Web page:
Just back from a camping trip (the canoe didn’t capsize with three kids on board–success!) and I’m using this space today to work through a couple thoughts I had in between swatting mosquitoes.
There’s been a fair amount of discussion recently on Ben’s blog about the need to develop solid rubrics for evaluating language, but in moving away from the four modalities (reading, writing, speaking, listening) towards the three modes of communication (interpersonal, interpretive and presentational) as espoused by ACTFL. I admit that I am not really as familiar with these as I ought, so I looked up what the ACTFL website said about them in its FAQ section (http://www.actfl.org/i4a/pages/index.cfm?pageid=3328) and found the following:
3. What is meant by the headings Interpersonal, Interpretive and Presentational?
They are the Communication Modes that are a direct tie to Standards. They provide a redefining organizing principle, and an enriched view of language that reflects real communication. The Interpersonal Mode is characterized by the active negotiation of meaning among individuals. Participants observe and monitor one another to see how their meanings and intentions are being communicated. Adjustments and clarifications can be made accordingly. The Interpretive Mode focuses on the appropriate cultural interpretation of meanings that occur in written and spoken form where there is no recourse to the active negotiation of meaning with the writer or the speaker. The Presentational Mode refers to the creation of oral and written messages in a manner that facilitates interpretation by members of the other culture where no direct opportunity for the active negotiation of meaning between members of the two cultures exists.
For myself, I’m trying to map out situations where each of these come into play. What’s the point of having a rubric when I don’t know when to use it?
The presentational mode is perhaps the easiest to recognize because it is the most traditional. This crops up where students might be giving a report on what the class mascot did over the weekend, telling a picture story their group came up with, marching through a PowerPoint they created on a three day tour of Germany. These types of interactions happen for me much more frequently in my upper level classes than my lower levels, obviously, but even story retells could qualify as presentational.
Interpretive (moving backwards through the list) then crop up more in a situation such as reading a novel or watching a film. The key phrase from the blurb here seems to be in figuring out “the appropriate cultural interpretation” of a given text. So here students are supposed to not only comprehend a text, but interpret it according to the cultural strands embedded in it.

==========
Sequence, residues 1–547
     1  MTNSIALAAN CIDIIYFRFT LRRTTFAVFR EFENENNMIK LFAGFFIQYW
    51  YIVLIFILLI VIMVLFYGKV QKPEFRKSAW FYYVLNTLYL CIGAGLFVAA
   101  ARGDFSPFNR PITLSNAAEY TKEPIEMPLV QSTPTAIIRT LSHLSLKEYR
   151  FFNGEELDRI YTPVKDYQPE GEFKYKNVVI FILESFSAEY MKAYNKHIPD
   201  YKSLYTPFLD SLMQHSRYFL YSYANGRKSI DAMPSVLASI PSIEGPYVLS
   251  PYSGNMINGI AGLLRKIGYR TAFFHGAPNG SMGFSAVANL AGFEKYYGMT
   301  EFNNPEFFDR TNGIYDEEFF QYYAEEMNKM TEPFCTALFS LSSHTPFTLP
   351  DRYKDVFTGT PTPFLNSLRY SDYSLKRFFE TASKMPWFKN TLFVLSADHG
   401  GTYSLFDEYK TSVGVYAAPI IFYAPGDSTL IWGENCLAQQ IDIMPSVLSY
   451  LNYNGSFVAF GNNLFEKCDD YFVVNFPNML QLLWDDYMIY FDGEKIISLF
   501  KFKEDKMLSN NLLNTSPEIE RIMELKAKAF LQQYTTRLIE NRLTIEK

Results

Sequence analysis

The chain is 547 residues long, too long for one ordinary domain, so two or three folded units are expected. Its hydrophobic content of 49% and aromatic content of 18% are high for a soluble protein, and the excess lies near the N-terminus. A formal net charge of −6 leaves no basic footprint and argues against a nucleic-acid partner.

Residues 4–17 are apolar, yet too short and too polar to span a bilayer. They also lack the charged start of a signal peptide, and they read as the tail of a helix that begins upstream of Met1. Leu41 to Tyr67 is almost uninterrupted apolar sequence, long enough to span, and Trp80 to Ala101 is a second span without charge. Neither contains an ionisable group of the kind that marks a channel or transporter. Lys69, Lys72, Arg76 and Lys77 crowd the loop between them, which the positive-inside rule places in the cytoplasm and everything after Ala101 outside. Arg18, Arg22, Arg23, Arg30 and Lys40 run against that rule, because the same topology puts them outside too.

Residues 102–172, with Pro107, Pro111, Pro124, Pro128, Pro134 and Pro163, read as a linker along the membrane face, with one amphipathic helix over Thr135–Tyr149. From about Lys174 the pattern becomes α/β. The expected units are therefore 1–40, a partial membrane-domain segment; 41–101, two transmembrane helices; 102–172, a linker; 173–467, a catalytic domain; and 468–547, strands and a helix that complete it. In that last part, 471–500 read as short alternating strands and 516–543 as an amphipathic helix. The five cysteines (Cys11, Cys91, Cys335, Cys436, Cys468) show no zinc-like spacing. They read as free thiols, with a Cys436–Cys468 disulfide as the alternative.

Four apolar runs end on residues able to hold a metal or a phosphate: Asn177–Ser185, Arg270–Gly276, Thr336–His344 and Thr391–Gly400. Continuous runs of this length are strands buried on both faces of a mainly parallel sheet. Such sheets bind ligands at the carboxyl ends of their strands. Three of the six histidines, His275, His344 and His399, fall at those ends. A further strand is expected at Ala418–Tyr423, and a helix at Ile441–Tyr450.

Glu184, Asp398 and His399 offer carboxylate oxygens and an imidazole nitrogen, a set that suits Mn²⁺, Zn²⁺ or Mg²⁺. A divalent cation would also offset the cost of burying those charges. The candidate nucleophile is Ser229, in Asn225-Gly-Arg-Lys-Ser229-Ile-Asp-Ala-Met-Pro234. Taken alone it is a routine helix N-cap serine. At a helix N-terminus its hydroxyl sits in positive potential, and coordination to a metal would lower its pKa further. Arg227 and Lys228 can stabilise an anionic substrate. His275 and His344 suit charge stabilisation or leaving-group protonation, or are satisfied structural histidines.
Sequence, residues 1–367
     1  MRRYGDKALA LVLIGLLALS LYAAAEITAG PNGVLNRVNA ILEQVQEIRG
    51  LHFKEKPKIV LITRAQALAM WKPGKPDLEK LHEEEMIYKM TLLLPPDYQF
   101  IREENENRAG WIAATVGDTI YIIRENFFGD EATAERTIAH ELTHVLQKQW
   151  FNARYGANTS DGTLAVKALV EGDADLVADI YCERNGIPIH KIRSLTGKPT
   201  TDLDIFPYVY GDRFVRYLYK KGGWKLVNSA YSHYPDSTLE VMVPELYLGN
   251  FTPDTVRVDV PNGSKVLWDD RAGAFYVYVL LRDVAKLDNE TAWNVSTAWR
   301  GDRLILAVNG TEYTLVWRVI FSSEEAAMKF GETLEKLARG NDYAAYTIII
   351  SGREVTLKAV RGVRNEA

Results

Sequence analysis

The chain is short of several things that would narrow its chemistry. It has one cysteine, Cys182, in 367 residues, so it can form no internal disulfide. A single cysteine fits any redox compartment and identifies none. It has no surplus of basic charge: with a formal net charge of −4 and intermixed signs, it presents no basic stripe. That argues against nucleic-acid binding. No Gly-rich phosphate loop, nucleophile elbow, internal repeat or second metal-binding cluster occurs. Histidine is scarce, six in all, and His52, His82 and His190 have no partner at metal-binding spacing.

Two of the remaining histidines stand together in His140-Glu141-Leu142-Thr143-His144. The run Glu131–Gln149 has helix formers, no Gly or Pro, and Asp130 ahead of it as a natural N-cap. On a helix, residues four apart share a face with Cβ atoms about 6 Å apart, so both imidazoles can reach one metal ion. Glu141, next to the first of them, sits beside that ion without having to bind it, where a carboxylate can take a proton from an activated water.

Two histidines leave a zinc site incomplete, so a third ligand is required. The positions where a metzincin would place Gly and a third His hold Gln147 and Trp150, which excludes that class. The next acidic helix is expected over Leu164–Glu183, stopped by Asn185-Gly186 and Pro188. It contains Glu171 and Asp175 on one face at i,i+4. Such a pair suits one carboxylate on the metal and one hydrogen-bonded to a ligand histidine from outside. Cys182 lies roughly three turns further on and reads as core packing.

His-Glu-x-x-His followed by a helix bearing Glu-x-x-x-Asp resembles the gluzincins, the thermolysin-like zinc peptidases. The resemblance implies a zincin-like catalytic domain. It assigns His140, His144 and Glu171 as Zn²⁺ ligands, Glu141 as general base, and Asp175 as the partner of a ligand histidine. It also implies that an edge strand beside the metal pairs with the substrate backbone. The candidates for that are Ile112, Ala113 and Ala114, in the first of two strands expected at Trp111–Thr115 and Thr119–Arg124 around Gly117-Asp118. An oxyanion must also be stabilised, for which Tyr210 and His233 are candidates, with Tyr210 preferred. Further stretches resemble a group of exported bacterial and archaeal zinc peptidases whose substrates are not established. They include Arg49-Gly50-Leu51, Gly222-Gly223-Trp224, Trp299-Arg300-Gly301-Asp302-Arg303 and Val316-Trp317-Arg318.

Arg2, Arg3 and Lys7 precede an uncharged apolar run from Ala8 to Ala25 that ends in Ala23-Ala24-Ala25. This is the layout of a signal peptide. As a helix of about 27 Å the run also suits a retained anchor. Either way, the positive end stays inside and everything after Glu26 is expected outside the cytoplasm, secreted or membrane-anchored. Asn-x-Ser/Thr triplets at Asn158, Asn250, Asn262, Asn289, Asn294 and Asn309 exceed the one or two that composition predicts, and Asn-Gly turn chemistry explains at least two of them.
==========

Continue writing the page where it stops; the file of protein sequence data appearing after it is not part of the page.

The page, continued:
One aspect of TPRS is that I find myself focused often upon the developed “classroom culture” of my students more than the target culture (in my case of Germany, Switzerland or Austria). I work to intermingle these, of course, but I’m personally not committed to making the relative target cultural appropriateness the horse that pulls this given buggy in my classroom. The texts we use and generate often arise out of the classroom culture rather than the target culture, at least up until we get into my German III/IV class, so I think this cultural aspect would need some flexibility.
So when would this crop up? After we watch a film or read a text, primarily, “where there is no recourse to the active negotiation of meaning with the writer or the speaker.” So my rubric then would need to capture how well they not only comprehend a given text, but how well they can pick out the cultural strands that comprise it?
The problem is, I want my students to actively renegotiate a given text I give them, not just interpret it. I want parallel stories. I want students to rework the characters and rewrite endings. I want to riff on what a given text gives us. Yes, we aren’t talking directly to the writer or speaker, but for me the bulk of the time what would fall under interpretation is a launching pad more than the destination.
But isn’t an alternate interpretation a form of interpretation? Can’t I demonstrate how my students understand a story through the ways in which they alter it, recognize what is essential and what is discardable? How in the world would I write a rubric to capture that?
I get what the original ACTFL standard is poking at here: they want me to dissect a story and lay its organs out on a clean white sheet for classification. I don’t teach that type of class, though. To extend the metaphor a bit, I’m much less of a med school doctor than I am a Dr. Frankenstein who prefers to replace and reanimate the component parts of a given story to give it some additional kick. Don’t mad scientists get rubrics too?
Hmm. Chewing on this some more. I’ll get to intercultural down the road a bit.